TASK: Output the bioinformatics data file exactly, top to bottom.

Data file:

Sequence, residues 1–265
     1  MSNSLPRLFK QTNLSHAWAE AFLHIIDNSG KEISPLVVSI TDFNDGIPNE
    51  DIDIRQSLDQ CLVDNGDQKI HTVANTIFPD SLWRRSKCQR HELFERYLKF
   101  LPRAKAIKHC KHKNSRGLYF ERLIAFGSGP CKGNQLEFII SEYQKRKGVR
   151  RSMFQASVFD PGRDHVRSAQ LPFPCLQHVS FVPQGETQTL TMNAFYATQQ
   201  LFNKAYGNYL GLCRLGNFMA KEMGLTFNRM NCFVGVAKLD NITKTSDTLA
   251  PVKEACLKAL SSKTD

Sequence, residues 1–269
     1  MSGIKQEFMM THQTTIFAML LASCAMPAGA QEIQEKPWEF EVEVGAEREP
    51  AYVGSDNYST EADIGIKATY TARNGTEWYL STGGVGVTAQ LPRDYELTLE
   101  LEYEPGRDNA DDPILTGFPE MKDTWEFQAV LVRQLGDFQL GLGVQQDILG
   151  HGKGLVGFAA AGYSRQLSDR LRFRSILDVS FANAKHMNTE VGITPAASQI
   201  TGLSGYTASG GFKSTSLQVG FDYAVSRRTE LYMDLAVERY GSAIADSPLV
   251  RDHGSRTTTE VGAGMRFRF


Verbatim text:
Sequence, residues 1–265
     1  MSNSLPRLFK QTNLSHAWAE AFLHIIDNSG KEISPLVVSI TDFNDGIPNE
    51  DIDIRQSLDQ CLVDNGDQKI HTVANTIFPD SLWRRSKCQR HELFERYLKF
   101  LPRAKAIKHC KHKNSRGLYF ERLIAFGSGP CKGNQLEFII SEYQKRKGVR
   151  RSMFQASVFD PGRDHVRSAQ LPFPCLQHVS FVPQGETQTL TMNAFYATQQ
   201  LFNKAYGNYL GLCRLGNFMA KEMGLTFNRM NCFVGVAKLD NITKTSDTLA
   251  PVKEACLKAL SSKTD

Sequence, residues 1–269
     1  MSGIKQEFMM THQTTIFAML LASCAMPAGA QEIQEKPWEF EVEVGAEREP
    51  AYVGSDNYST EADIGIKATY TARNGTEWYL STGGVGVTAQ LPRDYELTLE
   101  LEYEPGRDNA DDPILTGFPE MKDTWEFQAV LVRQLGDFQL GLGVQQDILG
   151  HGKGLVGFAA AGYSRQLSDR LRFRSILDVS FANAKHMNTE VGITPAASQI
   201  TGLSGYTASG GFKSTSLQVG FDYAVSRRTE LYMDLAVERY GSAIADSPLV
   251  RDHGSRTTTE VGAGMRFRF